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5 Reasons Company Suggestion Boxes Fail — And What To Do Instead

3 minutes, 21 seconds read

Have a company suggestion box? Consider this suggestion: ditch it for a system that works. 

Most suggestion systems consist of empty suggestion boxes—physical or digital—waiting for input from employees who are tired of seeing their ideas go into a black hole of intentions. On the other side of the box are frustrated managers who don’t have the time to review, validate or implement these ideas.

We recently worked with executives at an automotive company who were trying to understand why their employees no longer submitted ideas to their suggestion scheme. We went down to the shop floor to ask the employees just that. A maintenance associate who had participated in the committee of the suggestion system was happy to explain his frustration. As he put it, the ideas “didn’t have a chance to survive.”

Obstacles to success

Company suggestion boxes typically go through five main obstacles:

  1. Lack of ownership. Putting a suggestion into a box means surrendering an idea, hoping that somebody else will look at it, care for it and approve it. That demands a lot of faith, faith that is often unfounded as you’ll see shortly.
  2. Lack of quality. Committees evaluating ideas are often frustrated with the low quality of the ideas suggested. Most are complaints, impossible to implement or likely to have little impact. Yet this is understandable. Employees aren’t likely to care about the quality of their suggestions if they’re not going to be the ones implementing them.
  3. A committee bottleneck. Most companies that put a suggestion system in place also put in place a committee whose job is to analyze, evaluate and approve ideas received. Too often this committee is looking for impossible ideas: big transformations, with no risk and no cost. With goals like these, this rejection committee is likely to turn down 99% of the ideas that come their way.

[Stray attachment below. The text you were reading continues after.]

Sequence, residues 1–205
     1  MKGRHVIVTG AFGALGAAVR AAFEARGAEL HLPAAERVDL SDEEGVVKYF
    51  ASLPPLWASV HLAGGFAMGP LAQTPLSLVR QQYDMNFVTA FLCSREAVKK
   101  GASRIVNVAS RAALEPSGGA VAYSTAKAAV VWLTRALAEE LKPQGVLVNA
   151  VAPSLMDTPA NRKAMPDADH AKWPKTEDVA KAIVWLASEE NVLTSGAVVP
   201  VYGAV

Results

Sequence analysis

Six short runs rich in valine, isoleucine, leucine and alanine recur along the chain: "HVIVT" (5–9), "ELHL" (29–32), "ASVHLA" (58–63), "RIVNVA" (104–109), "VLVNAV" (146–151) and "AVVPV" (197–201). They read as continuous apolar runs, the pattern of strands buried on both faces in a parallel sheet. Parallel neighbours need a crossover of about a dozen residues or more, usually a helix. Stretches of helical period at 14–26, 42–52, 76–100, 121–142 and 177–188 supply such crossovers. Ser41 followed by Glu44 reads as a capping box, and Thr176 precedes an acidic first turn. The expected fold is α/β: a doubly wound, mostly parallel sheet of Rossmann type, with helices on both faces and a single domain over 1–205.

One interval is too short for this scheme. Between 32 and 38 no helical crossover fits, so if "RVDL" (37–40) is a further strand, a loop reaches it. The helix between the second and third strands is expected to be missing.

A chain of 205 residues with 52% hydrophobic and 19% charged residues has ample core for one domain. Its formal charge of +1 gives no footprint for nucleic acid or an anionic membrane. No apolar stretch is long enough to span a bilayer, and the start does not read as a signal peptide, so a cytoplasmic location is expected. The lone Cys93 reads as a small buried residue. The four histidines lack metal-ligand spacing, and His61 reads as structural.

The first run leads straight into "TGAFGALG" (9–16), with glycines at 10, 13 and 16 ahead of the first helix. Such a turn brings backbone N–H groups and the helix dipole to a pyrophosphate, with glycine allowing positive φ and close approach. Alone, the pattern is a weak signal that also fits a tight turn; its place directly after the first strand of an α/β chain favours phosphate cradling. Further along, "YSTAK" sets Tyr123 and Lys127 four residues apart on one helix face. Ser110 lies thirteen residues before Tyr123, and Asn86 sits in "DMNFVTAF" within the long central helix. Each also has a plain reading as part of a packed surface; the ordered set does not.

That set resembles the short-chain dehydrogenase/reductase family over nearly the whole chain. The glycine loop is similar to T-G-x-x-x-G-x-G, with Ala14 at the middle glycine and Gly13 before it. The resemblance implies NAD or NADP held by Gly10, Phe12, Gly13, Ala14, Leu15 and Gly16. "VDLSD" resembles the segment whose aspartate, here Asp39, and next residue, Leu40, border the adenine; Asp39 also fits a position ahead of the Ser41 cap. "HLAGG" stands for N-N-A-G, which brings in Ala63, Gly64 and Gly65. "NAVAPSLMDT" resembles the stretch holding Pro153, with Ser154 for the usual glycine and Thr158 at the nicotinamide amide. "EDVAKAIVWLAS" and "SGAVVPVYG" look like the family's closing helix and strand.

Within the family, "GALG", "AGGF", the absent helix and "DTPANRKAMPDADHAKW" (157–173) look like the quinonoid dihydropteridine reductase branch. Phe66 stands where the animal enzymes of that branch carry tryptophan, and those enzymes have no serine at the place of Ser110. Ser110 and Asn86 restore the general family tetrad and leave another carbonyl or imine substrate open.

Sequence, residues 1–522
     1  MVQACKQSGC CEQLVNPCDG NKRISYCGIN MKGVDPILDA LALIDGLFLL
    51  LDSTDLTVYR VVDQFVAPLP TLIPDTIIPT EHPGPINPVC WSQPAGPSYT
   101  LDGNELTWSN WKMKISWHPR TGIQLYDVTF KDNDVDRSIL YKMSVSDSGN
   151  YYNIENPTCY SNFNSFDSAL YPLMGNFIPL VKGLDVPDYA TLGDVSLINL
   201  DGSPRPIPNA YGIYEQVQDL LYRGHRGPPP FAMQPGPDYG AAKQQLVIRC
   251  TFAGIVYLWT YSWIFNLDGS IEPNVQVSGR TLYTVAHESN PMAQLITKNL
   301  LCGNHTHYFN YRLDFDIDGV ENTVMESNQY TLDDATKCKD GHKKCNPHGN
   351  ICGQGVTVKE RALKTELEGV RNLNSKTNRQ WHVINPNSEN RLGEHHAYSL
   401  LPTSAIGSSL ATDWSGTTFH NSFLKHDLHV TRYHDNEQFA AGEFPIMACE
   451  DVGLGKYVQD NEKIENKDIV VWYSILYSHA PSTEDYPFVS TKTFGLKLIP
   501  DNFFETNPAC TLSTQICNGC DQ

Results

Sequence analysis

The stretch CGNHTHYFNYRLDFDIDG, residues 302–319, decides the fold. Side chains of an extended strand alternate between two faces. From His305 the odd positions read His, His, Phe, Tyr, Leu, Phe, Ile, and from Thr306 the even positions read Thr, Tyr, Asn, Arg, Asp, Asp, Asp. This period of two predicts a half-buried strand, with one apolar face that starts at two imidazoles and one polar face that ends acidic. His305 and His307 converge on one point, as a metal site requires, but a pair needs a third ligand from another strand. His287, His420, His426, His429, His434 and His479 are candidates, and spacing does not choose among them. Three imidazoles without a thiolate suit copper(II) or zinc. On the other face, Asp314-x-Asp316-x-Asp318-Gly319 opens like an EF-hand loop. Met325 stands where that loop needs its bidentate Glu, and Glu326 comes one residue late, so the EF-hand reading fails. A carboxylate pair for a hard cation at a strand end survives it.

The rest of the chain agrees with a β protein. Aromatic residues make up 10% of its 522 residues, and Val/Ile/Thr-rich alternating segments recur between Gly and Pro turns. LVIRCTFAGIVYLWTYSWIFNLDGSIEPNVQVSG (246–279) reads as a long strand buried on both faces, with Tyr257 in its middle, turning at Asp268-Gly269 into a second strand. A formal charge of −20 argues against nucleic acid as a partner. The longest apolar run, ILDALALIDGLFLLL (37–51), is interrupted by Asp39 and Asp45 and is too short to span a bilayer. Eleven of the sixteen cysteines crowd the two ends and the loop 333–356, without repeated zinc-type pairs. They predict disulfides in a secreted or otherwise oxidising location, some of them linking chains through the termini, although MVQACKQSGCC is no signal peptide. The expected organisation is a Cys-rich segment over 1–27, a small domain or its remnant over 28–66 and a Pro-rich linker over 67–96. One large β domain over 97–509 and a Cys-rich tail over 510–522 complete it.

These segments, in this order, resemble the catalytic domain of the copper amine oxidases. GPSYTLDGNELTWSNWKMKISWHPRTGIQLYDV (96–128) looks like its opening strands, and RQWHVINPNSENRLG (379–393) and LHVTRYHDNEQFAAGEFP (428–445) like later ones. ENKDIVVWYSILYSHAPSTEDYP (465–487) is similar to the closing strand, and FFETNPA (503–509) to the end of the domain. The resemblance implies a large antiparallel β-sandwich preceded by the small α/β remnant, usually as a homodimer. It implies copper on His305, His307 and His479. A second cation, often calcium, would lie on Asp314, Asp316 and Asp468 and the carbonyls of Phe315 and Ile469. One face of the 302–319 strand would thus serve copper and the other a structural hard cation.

4. No feedback. When you’ve already got a committee bottleneck, you can’t expect the committee to provide feedback on all the rejected ideas. But without that feedback, employees lose trust in the whole system and stop submitting ideas.
  5. Implementation drag. To make matters worse, there’s the 10% of 10% implementation problem. Let’s say your committee typically approves 1/10 of the ideas that come into the system. Each of those accepted ideas gets an implementation plan. Yet only 10% of those approved ideas actually sees the light of day. (And this after a 6 to 12 month implementation process.) So after all these suggestions, the company may be implementing a grand total of 1%.

No wonder most companies are frustrated with their suggestion system!

How to fix the suggestion box problem

Often in trying to solve this problem, management offers a greater incentive to participate. But this really doesn’t change anything. People may simply offer more poor ideas, the bottleneck will grow worse, and implementation still hovers at 1%.

Instead, consider changing the process to embrace a true Kaizen approach:

  • Replace the centralized approval process with a centralized coaching system. Train frontline managers, supervisors and other change agents to act as coaches for frontline employees. Help the employees close to production learn to capture their ideas.
  • Empower frontline employees to execute their own experiments. Give them the resources, process and support they need to run small experiments that can be executed offline. This demands virtually no resources but will help them learn whether an idea may work or not.
  • Lower the bar. Instead of asking for big, innovative ideas, ask for any sort of ideas  especially small incremental improvements. These ideas require no budget and no validation, but actually set everything in motion. Small ideas can prepare your team to ready to any execute larger ideas that might come into the system.

This is the definition of a true Kaizen culture: employees empowered to improve everywhere, every day.



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